Last week we traced Jessica’s personal journey and promised you some more inputs from her for entrepreneurs.
As part of a co-working space in Amsterdam, Jessica Tangelder observed the loneliness that besets entrepreneurs in the making. “You doubt yourself, you judge others who you think might be ahead of you, a sense of skepticism creeps in and internal blocks appear. This decelerates the speed with which you are moving towards your goal. These thoughts trigger a lack of meaningful interaction among entrepreneurs at the co-working space; conversations tend to be mostly about exchange of names and discussions about the weather.”
This led her to create some interactions around this thought and make some difference in that landscape, instead of complaining about it. To cut a long story short, she started to provide these sessions 20 minutes before lunch.
“It was not a lot of time to invest and anyway people had to get up for lunch. So I got started.”
According to her, entrepreneur’s want to find solutions to problems and challenges of the world but if it does not resonate with their own skills, core values, talents and passion, and what they want to bring to the world then they at some point are likely to hit a burn out and it is short term solution for the self.
Jessica trains and facilitates emerging entrepreneurs and startups in which she focuses on their mindsets. What does this mean? She says, “When your mindset is in place your behaviour will be driven by that and this will ensure effective product or service which will be relevant for the market and in be in sync with what your mind truly wants to achieve.”
In the midst of a bunch of entrepreneurs at a co-work space in Bangalore we find her making a difference with one of her quirky and interesting sessions.
Jessica shares that
As individuals we all have our knowledge, skill and networks but it is very difficult to tap into that if somebody has it, or we do not know what the network is behind the network, so she has designed some workshops, that facilitate interactions between people that would bring opportunities for both parties and boost their personal development.
Moving between San Francisco, India and Amsterdam and interacting with multiple early entrepreneurs and training them, Jessica has some interesting insights to share. HerStory spoke with her to know more about her experience with entrepreneur’s especially those of the soil.
What is different about the Indian ecosystem?
I have been up and running for one and a half years, and I can confidently say that the bridges that I can make here can make much more of an impact than in my own country.
Entrepreneurs here are wired differently, they are usually more reserved, their circles tend to be smaller, and they don’t always move beyond their circles from, school, college or family.
If you want to go global then you need to move beyond these circles and step beyond your comfort zone where the magic happens. I facilitate this process. And when I compare my sessions in Bangalore with those in Amsterdam, here I literally need to push the entrepreneurs sometimes. Its not because they don’t have the ability, its just that they need to be pushed and then they open up!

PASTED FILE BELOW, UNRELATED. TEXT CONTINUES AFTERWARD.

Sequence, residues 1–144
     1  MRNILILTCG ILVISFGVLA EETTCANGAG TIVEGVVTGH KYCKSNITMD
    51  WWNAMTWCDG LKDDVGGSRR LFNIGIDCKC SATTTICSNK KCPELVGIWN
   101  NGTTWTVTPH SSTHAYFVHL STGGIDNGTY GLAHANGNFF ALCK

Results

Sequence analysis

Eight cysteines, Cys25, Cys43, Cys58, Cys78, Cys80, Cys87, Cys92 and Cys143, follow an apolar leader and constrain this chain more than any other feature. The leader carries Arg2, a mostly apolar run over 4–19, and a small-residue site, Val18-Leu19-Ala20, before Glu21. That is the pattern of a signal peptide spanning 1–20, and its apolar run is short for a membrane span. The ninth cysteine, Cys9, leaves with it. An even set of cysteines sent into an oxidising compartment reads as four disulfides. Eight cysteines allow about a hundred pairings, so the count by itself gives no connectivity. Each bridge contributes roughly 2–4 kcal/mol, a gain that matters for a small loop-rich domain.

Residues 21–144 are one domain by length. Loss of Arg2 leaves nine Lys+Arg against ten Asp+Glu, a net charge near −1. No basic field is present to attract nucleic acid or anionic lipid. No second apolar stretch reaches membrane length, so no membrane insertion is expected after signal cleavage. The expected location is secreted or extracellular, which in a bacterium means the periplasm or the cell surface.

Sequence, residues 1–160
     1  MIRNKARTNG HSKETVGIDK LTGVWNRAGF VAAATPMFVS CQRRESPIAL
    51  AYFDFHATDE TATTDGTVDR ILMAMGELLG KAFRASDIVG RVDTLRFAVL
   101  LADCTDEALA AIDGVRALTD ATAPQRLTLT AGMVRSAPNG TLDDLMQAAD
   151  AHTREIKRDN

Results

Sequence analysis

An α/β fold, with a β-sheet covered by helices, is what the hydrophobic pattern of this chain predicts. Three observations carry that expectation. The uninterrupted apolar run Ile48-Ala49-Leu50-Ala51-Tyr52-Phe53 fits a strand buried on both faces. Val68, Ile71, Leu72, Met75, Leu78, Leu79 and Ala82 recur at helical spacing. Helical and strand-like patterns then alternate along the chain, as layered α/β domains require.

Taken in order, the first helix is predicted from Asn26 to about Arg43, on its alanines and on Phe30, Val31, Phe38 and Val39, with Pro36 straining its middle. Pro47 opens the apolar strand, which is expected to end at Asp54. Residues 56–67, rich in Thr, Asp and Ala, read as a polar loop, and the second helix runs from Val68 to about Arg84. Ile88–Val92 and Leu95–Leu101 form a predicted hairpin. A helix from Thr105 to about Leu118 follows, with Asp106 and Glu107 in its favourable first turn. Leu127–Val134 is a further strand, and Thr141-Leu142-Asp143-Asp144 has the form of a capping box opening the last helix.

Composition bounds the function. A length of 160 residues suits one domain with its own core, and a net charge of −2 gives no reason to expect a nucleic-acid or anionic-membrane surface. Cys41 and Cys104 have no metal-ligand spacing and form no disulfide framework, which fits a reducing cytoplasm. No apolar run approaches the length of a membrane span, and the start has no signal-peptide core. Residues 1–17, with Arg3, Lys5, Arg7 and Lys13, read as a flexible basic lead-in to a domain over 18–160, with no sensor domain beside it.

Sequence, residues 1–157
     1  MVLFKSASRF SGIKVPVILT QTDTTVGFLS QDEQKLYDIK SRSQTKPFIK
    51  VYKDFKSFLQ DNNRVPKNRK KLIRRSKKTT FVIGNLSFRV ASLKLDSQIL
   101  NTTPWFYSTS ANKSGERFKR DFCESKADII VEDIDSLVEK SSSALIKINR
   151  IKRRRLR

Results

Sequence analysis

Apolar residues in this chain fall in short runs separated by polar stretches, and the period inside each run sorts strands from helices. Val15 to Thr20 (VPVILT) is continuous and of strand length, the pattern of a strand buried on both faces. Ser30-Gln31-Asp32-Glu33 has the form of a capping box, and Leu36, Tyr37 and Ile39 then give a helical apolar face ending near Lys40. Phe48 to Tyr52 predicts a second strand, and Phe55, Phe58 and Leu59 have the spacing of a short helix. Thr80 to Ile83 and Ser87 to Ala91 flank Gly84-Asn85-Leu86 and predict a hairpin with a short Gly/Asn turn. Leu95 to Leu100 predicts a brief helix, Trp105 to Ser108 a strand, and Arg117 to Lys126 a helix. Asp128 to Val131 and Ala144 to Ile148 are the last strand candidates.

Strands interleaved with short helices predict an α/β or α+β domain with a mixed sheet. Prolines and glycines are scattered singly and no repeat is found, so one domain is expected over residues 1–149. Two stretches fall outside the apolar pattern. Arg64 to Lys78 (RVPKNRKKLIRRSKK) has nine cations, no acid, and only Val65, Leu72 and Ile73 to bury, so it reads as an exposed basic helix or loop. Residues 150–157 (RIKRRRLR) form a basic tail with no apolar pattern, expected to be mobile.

What is the missing ingredient?
Everyone has the comfort zone. As an entrepreneur you need to go through the sensations of awkwardness, of uncertainty and feeling vulnerable which is super important. If you are vulnerable and you take the first step then you invite others to do the same and that way you create a safe space or a heaven for people to be open and say—I am stuck or I need help.
The key for an entrepreneur is to be open. I would like people to be open and vulnerable, we all don’t need to be this serial entrepreneur who rules the world!
Reframe the definition of ‘failure’ and let go of what others think of it. The only failure we ‘as entrepreneurs’ know is quitting or not moving forward.
Implementing feedback is a step forward. I became much stronger intrinsically by incorporating it in my life.
I am not sure if encouraging women to be entrepreneurs is a battle against the symptoms of inequality; we most probably should look what the deeper reasons are for this unequal landscape.
It is great when we can be of inspiration and help empower women. However I rather provide them the tools that could be useful for them, rather than anything else.
What I can tell from my own experience that I often feel annoyed by the discourse of men, startups and tech taking over the landscape of entrepreneurship. Often these are super-fit muscle men, from the Bay Area, talking about the their successes in their team comprising mostly of men. What about their journey? What about feeling vulnerable at times? They often share their ‘failure’ experiences, in order to over emphasise them and use it as a story telling anecdote rather than use it to make it sound like a grounded story. Is their journey really that linear? And do we all end up in San Francisco working in tech?
What does it take?
Observe well and always be curious. Approach the world through the eyes of an infant, ask for feedback and avoid letting your ego get in the way. Be selective with the feedback you integrate, use your intuition here to sift through the feedback. Experiment and validate your assumptions.
Meet new people. Work in an environment you feel comfortable in. Work on your ability to have more control over your mindset (your beliefs) and outcome (your behaviour/ actions). This makes you a better person and positively impacts your environment.
Last but not least: enjoy building the plane while flying it! It is all about the journey, its final destination might not exist or is rather boring!